Don't tell tayst's chef-owner Jeremy Barlow this, but I might have just stolen from him. I can't think of any other explanation for how I just ordered six exquisite small plates at the bar of his newly redecorated restaurant, all for about 20 bucks. The delicious fleecing all happened right in front of his eyes, so I can't feel too guilty. Still, the unusual economy of the bar menu at Barlow's boutique eatery left me with the nagging feeling that I was gaming the system.
The system is quite simple: Take a seat at the clubby bar in the front of the shotgun store, or at the new four-seat curved counter behind the hostess stand, and order a few drinks — maybe something involving bartender Adrien "AD" Matthews' house-made blueberry-infused rum, or a cocktail stirred with Pritchard's Sweet Lucy bourbon and tart house-made lemonade. Then scan the half-dozen items on the ever-evolving bar menu and simply say, "Yes." Next thing you know, a sextet of small plates will rain on your head like a more palatable version of Cloudy With a Chance of Meatballs. The largest item on the twee menu was the patty melt, a self-deprecatingly low-brow moniker for something that looks like a Krystal burger, but is actually a sliver of pork terrine between two spongy slabs of savory bread pudding, topped with melted cheddar and served with a side of ethereally thin potato chips.
Spiced chicken wings were rubbed with a subtle spice mix and thrown into the deep fryer until the skins were perfectly bronzed, snapping open to reveal steaming, tender meat on the bone. A threesome of the crisp, delicate joints arrived with a dollop of whipped blue cheese and frilly celery leaves that elevated the ubiquitous wings garnish to an elegantly understated salad.What Barlow plainly dubs "nachos" could also be described as a three-layer napoleon stacked with crisp-fried rounds of dumpling pastry and pulled braised lamb drizzled with sriracha-saffron aioli.
Against the tiny trifecta of meats, a medley of chopped tomatoes in balsamic vinegar and olive oil with threads of basil played a cool counterpoint. The plump fruit added a vibrant hint of red, with the reassuring creases and cosmetic imperfections of heirloom varietals.
The beauty of tayst's bar repertoire is that it functions like a diminutive tasting menu, with salad, proteins, dessert and even a cheese course. A sultry roasted peach arrived in a bath of melted ice cream, with a thick strand of Armagnac caramel that cooled to a crumbly texture, and the sampling concluded with two small triangles of Barely Buzzed cheddar, rubbed with ground coffee, lavender and sugar and blasted with a blowtorch to produce caramelized cheese. (As the menu says, "Oh, yes.")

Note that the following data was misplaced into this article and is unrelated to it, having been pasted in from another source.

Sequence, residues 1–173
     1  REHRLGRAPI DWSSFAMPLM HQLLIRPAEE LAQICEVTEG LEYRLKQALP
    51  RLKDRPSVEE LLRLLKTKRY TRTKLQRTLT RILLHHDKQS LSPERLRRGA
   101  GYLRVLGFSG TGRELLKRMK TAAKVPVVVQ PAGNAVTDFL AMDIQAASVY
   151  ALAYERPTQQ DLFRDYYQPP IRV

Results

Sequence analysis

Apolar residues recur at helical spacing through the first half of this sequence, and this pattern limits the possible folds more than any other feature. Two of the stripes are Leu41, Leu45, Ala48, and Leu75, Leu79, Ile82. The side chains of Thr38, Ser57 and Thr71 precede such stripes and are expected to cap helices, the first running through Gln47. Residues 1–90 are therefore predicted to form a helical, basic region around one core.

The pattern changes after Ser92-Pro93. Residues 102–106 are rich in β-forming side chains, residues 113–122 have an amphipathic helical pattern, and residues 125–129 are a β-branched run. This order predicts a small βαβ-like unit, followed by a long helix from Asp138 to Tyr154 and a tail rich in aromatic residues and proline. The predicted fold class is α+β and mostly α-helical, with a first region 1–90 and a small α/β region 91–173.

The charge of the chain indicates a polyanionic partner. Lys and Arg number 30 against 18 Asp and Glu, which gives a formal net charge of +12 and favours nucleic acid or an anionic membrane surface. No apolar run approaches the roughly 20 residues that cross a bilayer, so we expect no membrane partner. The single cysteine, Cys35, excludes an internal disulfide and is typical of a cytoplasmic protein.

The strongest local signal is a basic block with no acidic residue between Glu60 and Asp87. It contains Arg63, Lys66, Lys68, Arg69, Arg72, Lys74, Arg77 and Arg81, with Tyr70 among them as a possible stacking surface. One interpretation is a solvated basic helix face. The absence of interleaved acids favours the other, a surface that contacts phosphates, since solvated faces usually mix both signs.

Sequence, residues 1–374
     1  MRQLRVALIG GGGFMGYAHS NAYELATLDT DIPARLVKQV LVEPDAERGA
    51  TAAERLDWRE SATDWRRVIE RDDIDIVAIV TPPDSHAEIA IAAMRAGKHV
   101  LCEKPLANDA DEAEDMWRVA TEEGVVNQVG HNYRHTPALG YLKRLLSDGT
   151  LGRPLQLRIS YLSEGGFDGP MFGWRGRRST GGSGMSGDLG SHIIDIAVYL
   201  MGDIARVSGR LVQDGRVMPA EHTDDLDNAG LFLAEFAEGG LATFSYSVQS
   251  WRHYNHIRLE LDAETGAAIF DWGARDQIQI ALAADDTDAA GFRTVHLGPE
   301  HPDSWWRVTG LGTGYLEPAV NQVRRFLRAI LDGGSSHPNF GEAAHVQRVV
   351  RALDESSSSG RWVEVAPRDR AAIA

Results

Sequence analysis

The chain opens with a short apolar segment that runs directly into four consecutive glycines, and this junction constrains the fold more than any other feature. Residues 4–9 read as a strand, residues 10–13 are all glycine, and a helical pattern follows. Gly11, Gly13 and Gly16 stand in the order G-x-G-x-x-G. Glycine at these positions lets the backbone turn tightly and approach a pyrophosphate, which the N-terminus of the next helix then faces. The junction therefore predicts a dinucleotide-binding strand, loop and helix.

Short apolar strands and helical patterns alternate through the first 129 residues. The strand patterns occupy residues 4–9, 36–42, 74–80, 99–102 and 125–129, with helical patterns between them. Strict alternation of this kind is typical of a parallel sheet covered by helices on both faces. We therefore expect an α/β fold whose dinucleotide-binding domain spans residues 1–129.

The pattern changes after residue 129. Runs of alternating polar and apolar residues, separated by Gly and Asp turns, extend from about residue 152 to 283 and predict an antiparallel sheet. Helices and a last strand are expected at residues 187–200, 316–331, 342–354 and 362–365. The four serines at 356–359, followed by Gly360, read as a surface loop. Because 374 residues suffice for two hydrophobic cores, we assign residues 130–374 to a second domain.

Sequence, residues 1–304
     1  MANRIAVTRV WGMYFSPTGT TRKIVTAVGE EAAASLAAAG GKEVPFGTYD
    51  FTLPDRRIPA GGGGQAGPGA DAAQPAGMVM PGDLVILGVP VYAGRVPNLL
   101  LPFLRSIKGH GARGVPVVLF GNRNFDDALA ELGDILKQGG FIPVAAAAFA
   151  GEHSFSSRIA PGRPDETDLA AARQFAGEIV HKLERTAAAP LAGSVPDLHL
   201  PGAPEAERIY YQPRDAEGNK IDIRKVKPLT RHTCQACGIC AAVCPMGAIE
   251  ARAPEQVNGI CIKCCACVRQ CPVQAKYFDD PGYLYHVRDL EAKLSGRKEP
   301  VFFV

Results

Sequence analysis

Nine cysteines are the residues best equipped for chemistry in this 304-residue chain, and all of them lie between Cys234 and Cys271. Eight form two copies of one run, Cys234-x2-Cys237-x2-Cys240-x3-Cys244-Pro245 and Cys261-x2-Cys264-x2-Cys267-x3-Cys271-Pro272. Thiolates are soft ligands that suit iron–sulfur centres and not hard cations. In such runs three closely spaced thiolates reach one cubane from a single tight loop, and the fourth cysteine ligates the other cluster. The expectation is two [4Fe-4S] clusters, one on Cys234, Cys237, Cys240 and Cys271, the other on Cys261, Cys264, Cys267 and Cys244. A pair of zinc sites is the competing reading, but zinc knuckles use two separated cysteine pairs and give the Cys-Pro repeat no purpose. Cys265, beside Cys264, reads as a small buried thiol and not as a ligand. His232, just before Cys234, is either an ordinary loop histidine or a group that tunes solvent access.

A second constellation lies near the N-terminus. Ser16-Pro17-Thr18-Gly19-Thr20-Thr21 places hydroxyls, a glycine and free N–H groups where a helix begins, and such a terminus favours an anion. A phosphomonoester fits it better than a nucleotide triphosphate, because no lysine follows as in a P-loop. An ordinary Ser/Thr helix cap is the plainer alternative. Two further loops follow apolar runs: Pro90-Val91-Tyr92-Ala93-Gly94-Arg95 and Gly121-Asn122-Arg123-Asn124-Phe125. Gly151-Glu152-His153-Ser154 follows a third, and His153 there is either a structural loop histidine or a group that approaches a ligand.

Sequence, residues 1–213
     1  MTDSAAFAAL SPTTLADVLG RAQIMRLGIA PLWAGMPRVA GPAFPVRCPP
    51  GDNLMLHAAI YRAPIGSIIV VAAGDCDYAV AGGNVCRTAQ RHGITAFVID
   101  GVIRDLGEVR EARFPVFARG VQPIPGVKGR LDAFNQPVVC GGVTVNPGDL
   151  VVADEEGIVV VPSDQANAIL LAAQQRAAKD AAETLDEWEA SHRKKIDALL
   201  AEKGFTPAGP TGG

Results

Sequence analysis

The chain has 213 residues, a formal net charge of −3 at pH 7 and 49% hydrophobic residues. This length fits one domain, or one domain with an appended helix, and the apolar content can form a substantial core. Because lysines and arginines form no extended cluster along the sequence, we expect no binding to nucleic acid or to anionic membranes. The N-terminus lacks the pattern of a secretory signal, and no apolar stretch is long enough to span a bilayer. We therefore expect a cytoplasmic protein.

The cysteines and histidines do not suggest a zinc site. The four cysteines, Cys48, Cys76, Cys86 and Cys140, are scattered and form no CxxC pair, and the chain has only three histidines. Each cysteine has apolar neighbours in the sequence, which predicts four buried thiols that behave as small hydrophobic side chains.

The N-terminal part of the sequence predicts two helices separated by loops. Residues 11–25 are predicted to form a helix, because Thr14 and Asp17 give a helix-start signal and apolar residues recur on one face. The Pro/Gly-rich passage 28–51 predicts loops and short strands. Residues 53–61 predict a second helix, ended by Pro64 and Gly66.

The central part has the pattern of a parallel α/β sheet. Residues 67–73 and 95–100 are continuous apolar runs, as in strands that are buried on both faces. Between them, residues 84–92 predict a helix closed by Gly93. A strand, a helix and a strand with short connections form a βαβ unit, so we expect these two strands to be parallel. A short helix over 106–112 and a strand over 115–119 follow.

Not printed on the bar menu was the daily special, a so-called "fat salad." The yin and yang of crisp fried pork lard and cool tiles of sweet cantaloupe, topped with pickled vegetables, mirrored the balancing act of Barlow's culinary style, which juxtaposes intelligence with whimsy, decadence with restraint.
In fact, Barlow explains, the bar menu derives from the culinary team's experimental snacks. "We eat this stuff in the kitchen, and it's so good we wanted to share it," he says. As the first restaurant in Nashville to be certified by the Green Restaurant Association, tayst has established a tradition of using whole animals to create dishes and menus that make the most of local livestock. (Remember that patty melt on bread pudding? That was made of pig's head, by the way.) Experiments such as deep-frying lard have led the team to nickname tayst's kitchen "Fatmanistan," and Barlow and Co. quietly refer to their decadent bar fare as "Fatmanisnacks." (Now you get the intellectual joke behind William Gentry's oil painting in the front room entitled "Fat Man at a Hot Dog Stand.")
But take the fat-man humor with a grain of salt, because anyone who knows Barlow knows that his passion for fatback, bacon, ham hocks and lard is balanced by an intellectual approach to eating healthier and more sustainably. While the tayst team may be frying up house-made cracklin' one day, the next day they are gathering school food advocates to explore strategies for improving student nutrition and reducing childhood obesity.
Not that Barlow is out to curtail the caloric intake of the clientele at his tony 21st Avenue eatery, but the concentration of flavor and creativity in his small bar plates makes an excellent case for less being more. The pint-size price tags — ranging from $2 for caramelized cheese to $7 for a pair of patty melts — don't hurt, either. For anyone who likes to sample a range of flavors without overextending the wallet, or even the waistband, tayst's high-impact-low-budget bar menu is a welcome equation. You might even call it the perfect crime.
The bar at tayst opens at 4 p.m. Tuesday through Saturday.
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